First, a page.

In a pandemic, video games are serious business. Sony is set to post a record net profit for the year to March on surging demand for home entertainment. The Japanese electronics group may be about to get a longer term boost from an unlikely source. Consoles, once dismissed as obsolete, are extending their working lives.
Sony’s film and games businesses were behind stronger-than-expected operating profits. These rose a fifth in the third quarter and contributed to an upward revision in its forecast to $8.9bn for the year.
The November launch of the next generation PlayStation 5 console played a large part. Sony has sold 4.5m units since its release. Sales of high margin services such as online gaming subscriptions have taken off too, helping offset the steep marketing costs from the PS5 launch.
Yet shares of Sony languish at an enterprise value of 1.6 times forward sales, a sharp discount to local gaming peers, even after a gain of two-fifths in the past year. That reflects looming hurdles on top of the group’s conglomerate discount.
A supply crunch is one issue. Console supply has lagged demand. Even older models such as the PlayStation 4 — for which sales would normally taper off once the launch of the next model is announced — has been in demand among shoppers looking for lower priced options. Sony stopped shipping most PS4 models to local retailers in September.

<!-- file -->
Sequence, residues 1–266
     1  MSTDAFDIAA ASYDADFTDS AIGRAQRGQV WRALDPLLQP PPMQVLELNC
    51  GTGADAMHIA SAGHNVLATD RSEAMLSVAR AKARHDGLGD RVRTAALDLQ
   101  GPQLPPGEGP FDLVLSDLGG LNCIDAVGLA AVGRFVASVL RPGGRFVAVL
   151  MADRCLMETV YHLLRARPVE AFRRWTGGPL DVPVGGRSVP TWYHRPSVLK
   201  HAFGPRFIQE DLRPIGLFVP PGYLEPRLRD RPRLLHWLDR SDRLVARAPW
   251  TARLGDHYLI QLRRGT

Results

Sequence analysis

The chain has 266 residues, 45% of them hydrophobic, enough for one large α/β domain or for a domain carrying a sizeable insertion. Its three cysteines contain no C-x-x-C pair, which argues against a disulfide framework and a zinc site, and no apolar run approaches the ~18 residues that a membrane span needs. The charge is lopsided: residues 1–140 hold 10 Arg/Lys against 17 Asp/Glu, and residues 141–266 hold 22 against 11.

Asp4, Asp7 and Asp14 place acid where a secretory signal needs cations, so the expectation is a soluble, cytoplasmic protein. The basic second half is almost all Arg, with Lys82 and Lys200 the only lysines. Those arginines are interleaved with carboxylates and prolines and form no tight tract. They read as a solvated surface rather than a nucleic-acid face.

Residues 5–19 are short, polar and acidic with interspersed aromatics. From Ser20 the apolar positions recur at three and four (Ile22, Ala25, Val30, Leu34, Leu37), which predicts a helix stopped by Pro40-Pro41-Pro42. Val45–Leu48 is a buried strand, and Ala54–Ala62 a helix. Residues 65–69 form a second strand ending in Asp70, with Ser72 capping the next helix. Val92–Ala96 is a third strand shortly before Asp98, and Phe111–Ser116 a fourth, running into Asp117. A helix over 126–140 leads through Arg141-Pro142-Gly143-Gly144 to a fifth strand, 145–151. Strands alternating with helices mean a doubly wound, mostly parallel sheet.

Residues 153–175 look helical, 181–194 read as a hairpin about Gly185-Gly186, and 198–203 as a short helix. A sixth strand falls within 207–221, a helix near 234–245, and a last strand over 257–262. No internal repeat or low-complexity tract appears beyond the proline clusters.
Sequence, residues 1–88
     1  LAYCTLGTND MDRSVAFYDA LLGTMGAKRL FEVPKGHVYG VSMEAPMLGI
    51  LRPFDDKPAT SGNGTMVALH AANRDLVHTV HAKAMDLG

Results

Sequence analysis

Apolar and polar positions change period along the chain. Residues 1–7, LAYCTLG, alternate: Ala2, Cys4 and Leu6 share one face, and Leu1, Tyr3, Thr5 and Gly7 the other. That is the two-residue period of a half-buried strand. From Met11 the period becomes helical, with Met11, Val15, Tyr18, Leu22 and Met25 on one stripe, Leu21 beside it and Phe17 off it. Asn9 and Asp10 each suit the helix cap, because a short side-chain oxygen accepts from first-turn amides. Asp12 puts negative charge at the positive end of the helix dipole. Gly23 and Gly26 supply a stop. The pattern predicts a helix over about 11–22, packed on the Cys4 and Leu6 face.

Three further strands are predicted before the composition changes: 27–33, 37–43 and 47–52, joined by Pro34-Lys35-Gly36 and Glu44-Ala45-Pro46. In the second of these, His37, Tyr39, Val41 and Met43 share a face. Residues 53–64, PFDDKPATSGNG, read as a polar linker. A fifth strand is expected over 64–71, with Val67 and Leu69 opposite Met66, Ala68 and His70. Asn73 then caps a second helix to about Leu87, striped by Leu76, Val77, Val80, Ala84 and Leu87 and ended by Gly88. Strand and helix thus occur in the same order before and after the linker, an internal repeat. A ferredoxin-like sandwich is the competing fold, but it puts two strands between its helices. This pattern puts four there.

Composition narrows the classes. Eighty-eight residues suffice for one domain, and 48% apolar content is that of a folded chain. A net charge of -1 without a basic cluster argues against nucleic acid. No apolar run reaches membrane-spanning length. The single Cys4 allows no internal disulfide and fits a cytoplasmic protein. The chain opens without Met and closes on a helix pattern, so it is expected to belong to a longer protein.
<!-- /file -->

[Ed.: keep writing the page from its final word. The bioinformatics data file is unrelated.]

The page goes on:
That shortfall will worsen. A global chip shortage has hit the smartphone and auto sectors. It is starting to squeeze console makers. Narrower sales channels are an issue too — queues outside stores are risky in current times.
The good news for investors is that bigger forces are playing in Sony’s favour. Unprecedented demand for video games pushed the size of the world market up by nearly a fifth last year. That should continue well into this year. Now that demand extends beyond the latest models, the console’s revenue cycle could start to stretch out beyond its typical four-year mark, boosting profits.